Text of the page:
With his team trailing by nine points in the second half, Mississippi guard Ronnie Miller figured it was time to press Maryland's Rudy Archer. Unnerving the other team's point guard, or better yet, stealing the ball and scoring, could ignite his team. So he moved in close as soon as Archer caught the ball in the back court. A few moments later, he regretted it.

The left-handed Archer gave Miller a quick head-and-shoulder fake to get a little room and raced into the front court, dribbling with his right hand. Miller was still with him as he reached the right of the foul circle, but not after Archer spun. Free of Miller and going to his left, Archer fired a pass down the lane to Derrick Lewis under the basket for a dunk.

The basket was almost an afterthought. The pass was the play, and the 6,538 fans in the Baltimore Arena yelled loud and long for one of their own. There were chants of "Roo-dee, Roo-dee, Roo-dee."

"It was exciting to go back home and play in front of people who had seen you play all your life," said Archer, who went to Southwestern High School in Baltimore.

"Passing is the strongest part of my game. It makes me feel so good to come down in a situation where you have the advantage and dish off to a teammate for a basket. Scoring is a big part of the game, but you have to know how to score and when to score. You have to know when to take the shot and when not to take the shot."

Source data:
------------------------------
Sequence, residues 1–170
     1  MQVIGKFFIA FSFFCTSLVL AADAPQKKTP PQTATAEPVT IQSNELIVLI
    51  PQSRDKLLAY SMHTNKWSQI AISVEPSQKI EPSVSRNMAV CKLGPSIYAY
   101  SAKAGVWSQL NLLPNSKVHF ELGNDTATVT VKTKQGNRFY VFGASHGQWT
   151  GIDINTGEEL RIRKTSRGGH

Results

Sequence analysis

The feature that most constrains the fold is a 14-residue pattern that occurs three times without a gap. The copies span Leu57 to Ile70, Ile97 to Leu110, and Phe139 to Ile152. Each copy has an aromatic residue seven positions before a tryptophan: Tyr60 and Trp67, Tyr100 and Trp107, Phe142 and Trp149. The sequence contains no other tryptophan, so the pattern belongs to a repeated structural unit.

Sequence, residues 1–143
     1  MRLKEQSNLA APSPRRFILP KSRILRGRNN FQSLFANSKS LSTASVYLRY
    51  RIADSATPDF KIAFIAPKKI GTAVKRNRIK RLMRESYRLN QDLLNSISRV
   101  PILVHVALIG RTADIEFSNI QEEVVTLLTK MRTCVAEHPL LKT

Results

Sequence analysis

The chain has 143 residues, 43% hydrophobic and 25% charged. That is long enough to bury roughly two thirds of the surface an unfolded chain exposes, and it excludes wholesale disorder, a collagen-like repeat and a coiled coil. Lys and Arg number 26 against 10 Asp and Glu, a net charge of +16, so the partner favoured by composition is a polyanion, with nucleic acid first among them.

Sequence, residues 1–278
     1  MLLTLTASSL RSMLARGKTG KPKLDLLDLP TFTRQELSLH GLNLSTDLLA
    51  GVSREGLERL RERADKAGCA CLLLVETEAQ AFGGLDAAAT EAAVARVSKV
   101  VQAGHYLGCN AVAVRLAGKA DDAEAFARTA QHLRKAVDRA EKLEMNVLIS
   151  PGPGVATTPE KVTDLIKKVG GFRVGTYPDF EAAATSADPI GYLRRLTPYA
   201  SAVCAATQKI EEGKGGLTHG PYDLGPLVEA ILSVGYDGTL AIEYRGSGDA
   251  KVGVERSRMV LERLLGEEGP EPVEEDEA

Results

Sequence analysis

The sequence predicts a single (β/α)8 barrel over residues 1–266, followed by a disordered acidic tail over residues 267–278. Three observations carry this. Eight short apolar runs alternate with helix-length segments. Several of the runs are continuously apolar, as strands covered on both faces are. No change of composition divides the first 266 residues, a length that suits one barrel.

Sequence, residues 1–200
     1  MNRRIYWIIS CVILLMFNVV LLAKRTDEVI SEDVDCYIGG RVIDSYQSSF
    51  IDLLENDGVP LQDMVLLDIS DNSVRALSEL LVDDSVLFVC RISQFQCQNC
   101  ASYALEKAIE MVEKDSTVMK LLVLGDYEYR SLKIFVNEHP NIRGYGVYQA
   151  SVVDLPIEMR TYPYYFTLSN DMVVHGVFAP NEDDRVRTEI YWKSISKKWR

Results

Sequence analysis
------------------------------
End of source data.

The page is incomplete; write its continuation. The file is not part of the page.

Maryland, which is 2-0 going into tonight's game against Winthrop (2-0) at 8 at Cole Field House, beat Loyola and Mississippi in the MCI-Harbor Classic over the Thanksgiving weekend.

Archer played differently in each game. In the first, he led Maryland with 21 points, displaying a fadeaway jumper in traffic. In the title game against Ole Miss, he had just four points but had more assists and less turnovers.

"You have to be able to switch your game," Archer said. "You need to be able to help in more ways than one."

If Archer's high school grades had been better, he would have playing in the Washington area two years ago. "I signed a letter of intent to George Mason, but I had to sit out because of academics," Archer said. "Joe Harrington, who was the coach then, told me I might want to think about junior college. I went to Allegany Community College {in Cumberland, Md.} liked what I saw and took advantage of the situation. I got a degree, had two good seasons and now I'm at Maryland."

Archer chose Maryland over Ohio State, Clemson, Wake Forest and Nevada-Las Vegas. He might have become a Runnin' Rebel had his parents, Henrietta and Rudy Sr., not objected to the youngest of their six children going so far from home.

"It's the glamorous life and I got caught up in it and wanted to go there," Archer said. "But I got back and my parents thought it wasn't the right decision. It's too far away."

So Archer went down I-95 to College Park, where Baltimore area basketball players had been almost non-existent since Ernie Graham came from Dunbar in 1977. Coach Bob Wade, formerly the coach at Baltimore power Dunbar, is hoping Archer is just the first of many.

"I haven't really expected much, just what I saw of him in high school," Archer said of any difference between Wade as recruiter and Wade as coach. "He has treated me the same and acted the same. He's never told me a lie and if he's promised anything, he's lived up to his word."